The Twitter deal is all downside risk for Elon Musk

A statue bust of Elon Musk with bird droppings on its forehead over a blue background.
Illustration by William Joel / The Verge

Elon Musk has everything to lose and only retweets to gain

Elon Musk’s $44 billion acquisition of Twitter is expected to close tomorrow. (Please God, let it close tomorrow.) There are lots of very smart financial journalists who have things to say about this. Here in the peanut gallery, I want to talk about Musk’s image.

The fandom logic about Elon Musk: he’s the richest guy on Earth, therefore he must be a genius. But if the acquisition is the colossal and very public screwup some people are predicting, it threatens the most important thing to Musk’s brand: his reputation.

It is, first of all, not a very good buy. “No one thinks the company should be valued at $44 billion,” said Andrea Walne, a general partner at Manhattan Venture Partners in early October. She and other investors were trying to back out of the deal. (“Obviously, myself and other investors are obviously overpaying for Twitter right now,” Musk said in a Tesla earnings call.)

Twitter is an also-ran social network, one that made only $5 billion in revenue last year. It did not make a profit. But it’s had an outsized reach partly because of the active use of people such as Musk, who uses Twitter to connect to his fans, investors, and others. Heavy users include politicians and journalists, which means that Twitter influences public discourse. What Twitter does not do is make money.

Musk reportedly told investors he’ll double Twitter’s revenue in three years. He also told them that he plans to cut 75 percent of staff, according to The Washington Post. The numbers feel a little AOL-Time Warner — where executives cooked up $1 billion in savings and said the merged company would do $40 billion in revenue, neither of which worked out — but whatever, sure. Maybe that’s possible! Roelof Botha, PayPal mafioso and head of Sequoia Capital, seems to think so, and his job is being good at money.

Let’s say Botha’s right and Musk turns Twitter around and maybe turns it into X, the Everything App. He gets richer, and that’s nice, but it doesn’t matter much for his reputation. Dude already landed a rocket on an autonomous barge, you feel me? When the student who comes in first on every math test comes in first again, it’s not so much an accomplishment as it is the status quo.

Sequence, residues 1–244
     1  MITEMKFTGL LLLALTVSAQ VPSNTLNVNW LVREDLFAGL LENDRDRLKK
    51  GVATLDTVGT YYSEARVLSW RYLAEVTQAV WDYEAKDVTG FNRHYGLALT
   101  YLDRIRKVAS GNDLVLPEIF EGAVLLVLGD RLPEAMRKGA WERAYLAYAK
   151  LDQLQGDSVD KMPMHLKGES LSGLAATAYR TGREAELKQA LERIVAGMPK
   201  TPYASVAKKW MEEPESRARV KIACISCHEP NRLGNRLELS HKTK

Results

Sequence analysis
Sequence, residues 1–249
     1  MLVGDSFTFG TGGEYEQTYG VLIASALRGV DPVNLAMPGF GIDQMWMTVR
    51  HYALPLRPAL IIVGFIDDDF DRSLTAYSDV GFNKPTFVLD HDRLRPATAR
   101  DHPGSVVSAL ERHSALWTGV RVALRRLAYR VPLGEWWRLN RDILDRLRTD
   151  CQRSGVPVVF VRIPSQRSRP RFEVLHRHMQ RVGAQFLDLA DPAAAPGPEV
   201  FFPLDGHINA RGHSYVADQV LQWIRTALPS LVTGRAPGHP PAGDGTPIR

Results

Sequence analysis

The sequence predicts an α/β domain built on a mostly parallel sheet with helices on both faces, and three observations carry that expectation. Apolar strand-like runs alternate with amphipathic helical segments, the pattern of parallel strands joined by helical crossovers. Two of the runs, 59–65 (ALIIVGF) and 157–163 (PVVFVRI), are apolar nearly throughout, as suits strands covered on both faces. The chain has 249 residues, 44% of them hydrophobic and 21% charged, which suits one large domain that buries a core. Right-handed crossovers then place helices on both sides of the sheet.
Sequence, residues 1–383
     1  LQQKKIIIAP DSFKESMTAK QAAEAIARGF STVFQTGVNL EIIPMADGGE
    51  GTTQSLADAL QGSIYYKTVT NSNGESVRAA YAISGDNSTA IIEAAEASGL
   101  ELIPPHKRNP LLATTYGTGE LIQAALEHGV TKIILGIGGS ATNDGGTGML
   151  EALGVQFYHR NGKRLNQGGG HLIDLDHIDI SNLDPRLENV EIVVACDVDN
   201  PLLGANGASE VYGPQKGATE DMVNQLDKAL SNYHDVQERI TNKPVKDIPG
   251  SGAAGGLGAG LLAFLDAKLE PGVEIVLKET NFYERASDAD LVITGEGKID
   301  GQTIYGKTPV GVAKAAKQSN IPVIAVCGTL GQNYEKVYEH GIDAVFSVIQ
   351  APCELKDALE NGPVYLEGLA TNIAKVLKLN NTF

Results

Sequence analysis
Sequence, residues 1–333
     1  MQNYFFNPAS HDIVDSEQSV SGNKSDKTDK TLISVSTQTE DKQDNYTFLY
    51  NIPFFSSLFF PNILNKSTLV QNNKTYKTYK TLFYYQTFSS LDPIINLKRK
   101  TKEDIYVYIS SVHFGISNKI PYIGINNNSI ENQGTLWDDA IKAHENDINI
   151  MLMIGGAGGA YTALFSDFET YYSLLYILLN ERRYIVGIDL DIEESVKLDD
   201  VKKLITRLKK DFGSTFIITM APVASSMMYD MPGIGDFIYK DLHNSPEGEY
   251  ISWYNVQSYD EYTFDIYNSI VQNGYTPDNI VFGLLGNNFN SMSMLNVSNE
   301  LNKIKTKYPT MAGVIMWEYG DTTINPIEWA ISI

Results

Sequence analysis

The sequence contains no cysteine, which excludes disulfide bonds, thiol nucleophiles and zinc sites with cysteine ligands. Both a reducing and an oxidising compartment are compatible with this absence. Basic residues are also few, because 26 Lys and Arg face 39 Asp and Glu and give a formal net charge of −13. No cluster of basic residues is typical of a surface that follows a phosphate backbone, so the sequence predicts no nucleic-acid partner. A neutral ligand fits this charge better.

On the other hand, if the student who comes in first on every math test publicly flunks, that’s notable.

And Musk has a serious headwind: Twitter’s heaviest users are ghosting the platform, Reuters reports. Those users are the most valuable, generating half of Twitter’s revenue. This isn’t Musk’s fault — it’s been going on since the pandemic started — but it is now his problem.

Musk’s reputation is worth real money. It’s been a large part of the success of Tesla and SpaceX — the Musk aura has protected both companies. And Musk has been savvier than other CEOs in using social media for marketing. Between his Twitter account and appearances on YouTubers’ channels and podcasts, he’s cultivated a Very Online fandom. In fact, there is a whole parallel media ecosystem devoted to positive news about Elon Musk: Whole Mars Catalog, for instance.

Musk’s fans say that he gives them hope. He talks about an exciting future, the kind that science fiction promised us. But buying Twitter, a terrestrial social media platform, is a significant decrease in ambition! The guy who promised to put people on Mars is going to spend his days dealing with content moderation issues on a website that less than 1 in 5 Americans use?

It gets worse. Under Musk’s leadership, Twitter may struggle to handle users’ expectations around speech and moderation. Musk has said a lot of things about what he’ll do, but the most notable has been that he plans for less content moderation. But here’s the thing: even users of conservative social media want content moderation, Garbage Day’s Ryan Broderick has noted; they just want different norms than they’re getting on Twitter and Facebook.

There’s also a larger shift happening in online communities. “Twitter has never been able to deal with the fact its users both hate using it and also hate each other,” Broderick writes. Like, we literally call it “the hellsite”! Some social media ventures such as TikTok and BeReal let people put up boundaries, but not Twitter — so an innocuous tweet can suddenly ignite a days-long dragging.

Building a car or a rocket has clearer and simpler goals than building a community. Metal doesn’t talk back or post footage of an active mass shooting, child sexual abuse material, hate speech, or hentai.

Elon Musk standing on a sheet of ice in the shape of the Twitter icon that is beginning to crack. Photo illustration by William Joel / The Verge, photo by Christian Marquardt / Getty Images

This is still the fun part for Musk fans: they can imagine how Musk will handle moderation, and in their heads, he’ll do what they want. But Gen Xers should already know: reality bites. Unfortunately, the reality of moderation is that it’s messy, difficult, and miserable! Bad moderation choices — for whatever definition of “bad” you want — are immediately apparent to users and can chase them off.